by Paul Zimmerman

Looking at Hans Johansson’s luminous paintings exhibited recently at Artifact, an attempt to “read” them for their near associational messages is time well spent. And yet it would be far more pleasurable and satisfying to see each work as a living entity outside of the realm of guessing games. The heartfelt ambiguity which is at the core of each work is part of the conceptual attitude that infuses the artist’s overall project. Here the known and the unknown co-exists as does the unseen with the seen, the visible and the invisible, the discernible with the evanescent.

The tension that is felt between color and form is a driving force in Hans Johansson’s works, but this charge of energy is always applied with nuance as well as directness. The artist is particularly sensitive to the application of masses of hue and tone. Overall, we see his characteristic use of color and texture inserted with assertiveness and energy to exude the maximal amount of vibrancy and presence. This over-ridding quotient of vitality stems from Hans Johansson’s authoritative capacity to infuse each painterly effort with a breakdown of figure-ground relationships.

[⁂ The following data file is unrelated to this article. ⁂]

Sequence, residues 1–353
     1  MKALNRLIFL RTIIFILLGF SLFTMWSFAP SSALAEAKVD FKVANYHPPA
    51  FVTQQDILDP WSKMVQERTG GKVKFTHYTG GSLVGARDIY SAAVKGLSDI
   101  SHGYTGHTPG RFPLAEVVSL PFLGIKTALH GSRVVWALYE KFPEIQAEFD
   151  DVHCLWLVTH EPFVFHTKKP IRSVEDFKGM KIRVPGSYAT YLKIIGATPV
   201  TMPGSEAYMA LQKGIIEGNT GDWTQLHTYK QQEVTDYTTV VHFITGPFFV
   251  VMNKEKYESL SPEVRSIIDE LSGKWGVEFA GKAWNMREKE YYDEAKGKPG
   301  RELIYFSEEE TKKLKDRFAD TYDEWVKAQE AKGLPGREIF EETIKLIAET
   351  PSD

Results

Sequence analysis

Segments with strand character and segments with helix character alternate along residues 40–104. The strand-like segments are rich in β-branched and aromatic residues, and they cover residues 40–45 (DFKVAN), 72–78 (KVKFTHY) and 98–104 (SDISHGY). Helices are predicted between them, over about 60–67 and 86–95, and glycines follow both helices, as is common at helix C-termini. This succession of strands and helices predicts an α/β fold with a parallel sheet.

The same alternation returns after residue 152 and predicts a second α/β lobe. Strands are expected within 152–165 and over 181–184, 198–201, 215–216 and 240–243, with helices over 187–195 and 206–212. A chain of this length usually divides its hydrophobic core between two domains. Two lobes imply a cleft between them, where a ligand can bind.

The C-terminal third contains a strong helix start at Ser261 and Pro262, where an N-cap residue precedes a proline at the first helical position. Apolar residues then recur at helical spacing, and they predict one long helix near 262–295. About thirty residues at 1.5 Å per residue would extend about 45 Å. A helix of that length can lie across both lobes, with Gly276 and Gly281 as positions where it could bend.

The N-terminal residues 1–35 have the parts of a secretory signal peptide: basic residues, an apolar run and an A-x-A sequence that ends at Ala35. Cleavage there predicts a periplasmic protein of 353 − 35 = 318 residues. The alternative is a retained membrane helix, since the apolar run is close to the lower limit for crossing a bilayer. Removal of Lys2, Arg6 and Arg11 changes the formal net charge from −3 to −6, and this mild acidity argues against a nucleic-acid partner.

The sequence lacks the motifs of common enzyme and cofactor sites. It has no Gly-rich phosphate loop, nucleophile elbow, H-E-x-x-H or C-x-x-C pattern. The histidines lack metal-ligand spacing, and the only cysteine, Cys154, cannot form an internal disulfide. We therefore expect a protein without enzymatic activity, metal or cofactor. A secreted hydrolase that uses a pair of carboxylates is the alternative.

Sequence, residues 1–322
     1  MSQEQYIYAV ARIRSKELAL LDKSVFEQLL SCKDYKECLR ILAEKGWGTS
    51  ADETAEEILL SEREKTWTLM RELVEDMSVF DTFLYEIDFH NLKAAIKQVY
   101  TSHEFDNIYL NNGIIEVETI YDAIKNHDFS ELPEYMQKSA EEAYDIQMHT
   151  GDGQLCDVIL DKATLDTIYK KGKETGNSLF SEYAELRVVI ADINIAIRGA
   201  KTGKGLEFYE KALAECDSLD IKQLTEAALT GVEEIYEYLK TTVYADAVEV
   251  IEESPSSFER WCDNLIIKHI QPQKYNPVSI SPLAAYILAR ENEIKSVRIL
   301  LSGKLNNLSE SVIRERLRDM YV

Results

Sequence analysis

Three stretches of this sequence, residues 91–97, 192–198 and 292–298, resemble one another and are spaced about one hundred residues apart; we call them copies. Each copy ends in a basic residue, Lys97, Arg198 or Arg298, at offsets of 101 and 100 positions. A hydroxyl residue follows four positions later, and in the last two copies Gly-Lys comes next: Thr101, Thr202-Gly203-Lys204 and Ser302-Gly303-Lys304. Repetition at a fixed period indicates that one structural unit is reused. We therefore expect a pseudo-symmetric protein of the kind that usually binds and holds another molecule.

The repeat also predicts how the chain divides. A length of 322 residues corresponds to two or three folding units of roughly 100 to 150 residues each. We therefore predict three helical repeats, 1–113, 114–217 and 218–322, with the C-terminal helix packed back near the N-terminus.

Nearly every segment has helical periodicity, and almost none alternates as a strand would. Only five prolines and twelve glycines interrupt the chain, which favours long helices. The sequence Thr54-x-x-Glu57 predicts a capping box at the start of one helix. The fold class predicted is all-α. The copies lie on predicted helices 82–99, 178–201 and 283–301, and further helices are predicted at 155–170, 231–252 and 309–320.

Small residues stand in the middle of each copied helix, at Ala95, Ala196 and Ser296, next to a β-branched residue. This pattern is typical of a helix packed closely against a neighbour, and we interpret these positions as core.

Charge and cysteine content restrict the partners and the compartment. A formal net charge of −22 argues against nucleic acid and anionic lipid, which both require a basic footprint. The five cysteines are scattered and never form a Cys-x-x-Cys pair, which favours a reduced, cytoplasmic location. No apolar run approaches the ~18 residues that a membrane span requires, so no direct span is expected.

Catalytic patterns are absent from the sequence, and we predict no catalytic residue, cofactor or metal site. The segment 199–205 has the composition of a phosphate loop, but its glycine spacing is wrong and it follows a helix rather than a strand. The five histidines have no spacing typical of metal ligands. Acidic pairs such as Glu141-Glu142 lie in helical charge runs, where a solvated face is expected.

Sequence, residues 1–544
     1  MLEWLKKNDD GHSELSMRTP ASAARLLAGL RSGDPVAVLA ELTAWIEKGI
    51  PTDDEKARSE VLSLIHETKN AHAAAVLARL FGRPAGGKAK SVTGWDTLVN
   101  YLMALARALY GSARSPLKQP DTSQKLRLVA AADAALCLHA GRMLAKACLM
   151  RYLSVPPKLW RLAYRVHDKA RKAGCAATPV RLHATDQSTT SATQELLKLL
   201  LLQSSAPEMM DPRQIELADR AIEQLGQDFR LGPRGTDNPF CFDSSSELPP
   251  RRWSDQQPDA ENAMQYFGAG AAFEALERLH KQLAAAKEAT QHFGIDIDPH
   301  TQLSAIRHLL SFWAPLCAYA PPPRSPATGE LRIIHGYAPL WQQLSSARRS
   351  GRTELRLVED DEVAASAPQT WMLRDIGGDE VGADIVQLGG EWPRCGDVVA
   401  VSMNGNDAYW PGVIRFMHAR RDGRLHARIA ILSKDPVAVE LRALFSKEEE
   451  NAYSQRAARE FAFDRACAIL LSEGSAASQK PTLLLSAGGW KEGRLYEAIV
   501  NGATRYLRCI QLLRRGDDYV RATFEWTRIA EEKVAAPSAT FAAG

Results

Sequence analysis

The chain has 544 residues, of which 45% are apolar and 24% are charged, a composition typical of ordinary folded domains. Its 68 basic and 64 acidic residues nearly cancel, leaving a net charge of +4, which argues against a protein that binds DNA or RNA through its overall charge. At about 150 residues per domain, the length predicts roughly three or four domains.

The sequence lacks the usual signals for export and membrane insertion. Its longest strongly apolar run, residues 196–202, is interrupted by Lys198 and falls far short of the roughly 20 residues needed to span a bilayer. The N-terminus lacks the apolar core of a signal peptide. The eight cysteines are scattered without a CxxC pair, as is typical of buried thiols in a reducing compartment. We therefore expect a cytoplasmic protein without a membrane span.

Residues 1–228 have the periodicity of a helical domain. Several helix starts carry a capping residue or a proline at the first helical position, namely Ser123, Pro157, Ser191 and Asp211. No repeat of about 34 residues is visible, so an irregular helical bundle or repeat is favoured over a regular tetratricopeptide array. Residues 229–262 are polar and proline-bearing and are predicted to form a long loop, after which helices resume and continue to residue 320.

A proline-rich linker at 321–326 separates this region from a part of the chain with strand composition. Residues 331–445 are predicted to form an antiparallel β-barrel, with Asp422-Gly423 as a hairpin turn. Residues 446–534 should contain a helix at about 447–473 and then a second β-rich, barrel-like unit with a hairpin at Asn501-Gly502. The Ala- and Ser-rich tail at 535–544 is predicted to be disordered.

Yes, there might be figural element in his works, but total dissolution is kept masterfully at bay, and purposefully so. In some of his more purely abstract paintings the artist seems to be indwelling within a ludic domain which suffuses the beholder. There is a process of luring the viewer into an associational game within these aesthetic efforts, of attempting to lead the viewer into identifying certain near-representational elements within the frame. We are invited to suspend disbelief and to become involved at the impact that each work has on the eye of the viewer.

Paul Zimmerman is an art writer living and working in Manhattan